> use a pipe wrench to simply unscrew the valve after first opening it to make sure the tank is empty, if the valve is one of the new style valves remove the bleeder screw from the valve with a screw driver. the new style valves have a check valve built into them.
          >
          > If the valve protector the handle is in the way cut it off with a hack saw.
          >
          > and easier and cheaper way to do this is to go too find someone that works on water wells and offer to tank a used tank off their hands for a couple of dollars lots cheaper than a propane tank that your going to need to fuel your new furnace with.
          >
          > --- In hobbicast@yahoogroups.com, "Chad M" <chadnkrisie@> wrote:
          > >
          > > Here's an article I wrote on repurposing a propane tank into a casting furnace. I'm interested in some feedback from the group. I plan on writing some followup articles in the next few weeks to cover the rest of the design... Any suggestions will be gladly accepted.
          > >
          > > http://www.toolboxforum.com/viewtopic.php?f=68&t=46
          > >
          >
        • Dave
          It would be nice if you could put some pictures in there! Dave D http://metalshop.homestead.com
          Message 4 of 7 , Mar 26, 2011
            It would be nice if you could put some pictures in there!

            Dave D
            http://metalshop.homestead.com



            --- In hobbicast@yahoogroups.com, "Chad M" <chadnkrisie@...> wrote:
            >
            > Here's an article I wrote on repurposing a propane tank into a casting furnace. I'm interested in some feedback from the group. I plan on writing some followup articles in the next few weeks to cover the rest of the design... Any suggestions will be gladly accepted.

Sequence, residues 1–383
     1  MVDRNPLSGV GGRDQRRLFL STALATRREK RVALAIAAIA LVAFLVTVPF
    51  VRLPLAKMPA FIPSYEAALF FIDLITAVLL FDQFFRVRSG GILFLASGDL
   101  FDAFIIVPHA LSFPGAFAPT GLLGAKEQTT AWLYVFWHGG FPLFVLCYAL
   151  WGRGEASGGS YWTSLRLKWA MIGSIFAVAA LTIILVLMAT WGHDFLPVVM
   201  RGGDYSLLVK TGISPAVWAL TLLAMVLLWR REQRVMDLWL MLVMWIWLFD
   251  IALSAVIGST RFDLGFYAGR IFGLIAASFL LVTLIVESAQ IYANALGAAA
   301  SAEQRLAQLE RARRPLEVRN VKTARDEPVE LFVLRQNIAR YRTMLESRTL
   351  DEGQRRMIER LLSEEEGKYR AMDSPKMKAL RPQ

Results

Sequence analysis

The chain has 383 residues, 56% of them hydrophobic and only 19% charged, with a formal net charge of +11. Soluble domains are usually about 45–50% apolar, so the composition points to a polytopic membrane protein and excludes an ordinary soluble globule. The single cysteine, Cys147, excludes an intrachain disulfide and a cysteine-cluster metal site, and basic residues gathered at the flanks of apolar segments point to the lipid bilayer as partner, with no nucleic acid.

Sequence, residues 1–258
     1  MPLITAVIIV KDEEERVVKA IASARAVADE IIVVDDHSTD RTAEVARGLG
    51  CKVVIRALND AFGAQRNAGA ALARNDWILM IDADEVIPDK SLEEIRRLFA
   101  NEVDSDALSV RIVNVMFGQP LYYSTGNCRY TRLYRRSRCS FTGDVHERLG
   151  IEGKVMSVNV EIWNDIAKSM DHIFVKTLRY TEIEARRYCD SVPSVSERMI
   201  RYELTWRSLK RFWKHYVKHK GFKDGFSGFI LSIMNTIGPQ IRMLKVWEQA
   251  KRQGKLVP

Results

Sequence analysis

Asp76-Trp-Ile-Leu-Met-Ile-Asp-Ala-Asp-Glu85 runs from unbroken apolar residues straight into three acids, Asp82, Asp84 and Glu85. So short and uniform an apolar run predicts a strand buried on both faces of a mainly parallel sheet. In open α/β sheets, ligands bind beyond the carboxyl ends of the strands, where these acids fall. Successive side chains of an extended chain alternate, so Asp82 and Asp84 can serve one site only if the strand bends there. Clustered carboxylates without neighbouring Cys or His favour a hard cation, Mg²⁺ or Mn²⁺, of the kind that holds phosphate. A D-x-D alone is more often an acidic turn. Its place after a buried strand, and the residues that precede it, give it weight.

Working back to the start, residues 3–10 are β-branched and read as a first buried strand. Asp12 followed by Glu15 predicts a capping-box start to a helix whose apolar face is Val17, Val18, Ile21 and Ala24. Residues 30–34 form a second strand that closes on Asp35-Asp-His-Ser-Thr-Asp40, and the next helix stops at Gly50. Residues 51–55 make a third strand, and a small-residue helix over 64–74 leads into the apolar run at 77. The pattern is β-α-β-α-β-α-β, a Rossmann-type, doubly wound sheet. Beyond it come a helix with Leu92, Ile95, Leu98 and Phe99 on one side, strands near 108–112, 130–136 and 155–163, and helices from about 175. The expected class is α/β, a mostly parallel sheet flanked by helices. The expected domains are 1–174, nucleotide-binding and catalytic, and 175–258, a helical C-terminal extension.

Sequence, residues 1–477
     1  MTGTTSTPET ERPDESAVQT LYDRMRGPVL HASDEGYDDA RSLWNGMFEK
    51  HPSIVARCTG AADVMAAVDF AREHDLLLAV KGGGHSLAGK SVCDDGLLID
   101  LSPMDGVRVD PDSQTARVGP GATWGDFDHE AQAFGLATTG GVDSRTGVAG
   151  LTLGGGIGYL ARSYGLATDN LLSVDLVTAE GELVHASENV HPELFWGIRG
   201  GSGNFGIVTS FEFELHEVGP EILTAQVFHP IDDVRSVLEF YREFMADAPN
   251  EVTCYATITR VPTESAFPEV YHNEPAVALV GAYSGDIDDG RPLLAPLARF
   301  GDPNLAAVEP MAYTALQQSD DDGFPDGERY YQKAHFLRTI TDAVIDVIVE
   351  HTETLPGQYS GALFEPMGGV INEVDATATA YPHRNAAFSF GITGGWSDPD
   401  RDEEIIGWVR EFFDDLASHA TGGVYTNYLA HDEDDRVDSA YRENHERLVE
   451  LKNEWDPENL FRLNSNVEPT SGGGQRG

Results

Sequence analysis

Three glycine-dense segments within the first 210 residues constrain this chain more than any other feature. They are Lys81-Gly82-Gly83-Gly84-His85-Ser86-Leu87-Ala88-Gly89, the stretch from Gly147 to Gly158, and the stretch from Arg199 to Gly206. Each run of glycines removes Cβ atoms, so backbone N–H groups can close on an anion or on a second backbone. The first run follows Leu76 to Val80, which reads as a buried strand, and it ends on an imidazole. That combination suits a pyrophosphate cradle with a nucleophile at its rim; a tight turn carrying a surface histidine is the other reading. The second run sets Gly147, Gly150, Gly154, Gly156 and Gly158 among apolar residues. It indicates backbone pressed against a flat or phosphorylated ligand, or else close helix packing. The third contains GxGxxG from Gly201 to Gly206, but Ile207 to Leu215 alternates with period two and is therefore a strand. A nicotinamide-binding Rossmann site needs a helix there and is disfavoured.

>
            > http://www.toolboxforum.com/viewtopic.php?f=68&t=46
            >
          • Jeshua Lacock
            ... I have used several discarded tanks myself. I just burned off all of the fuel first, then filled the bottle full of water before cutting the top off. Any
            Message 5 of 7 , Mar 26, 2011
              On Mar 26, 2011, at 8:59 AM, Chad M wrote:

              > Here's an article I wrote on repurposing a propane tank into a casting furnace. I'm interested in some feedback from the group. I plan on writing some followup articles in the next few weeks to cover the rest of the design... Any suggestions will be gladly accepted.
              >
              > http://www.toolboxforum.com/viewtopic.php?f=68&t=46

              I have used several discarded tanks myself. I just burned off all of the fuel first, then filled the bottle full of water before cutting the top off. Any fuel left will be displaced from the water. Every time I go to the dump there are dozens of free bottles to pick from.

              I find it easy and fast to cut the top off with a air/electric grinder/cutter (no need for a plasma torch, but great if you have one). Just went through a few cutting discs. Cost me about $3.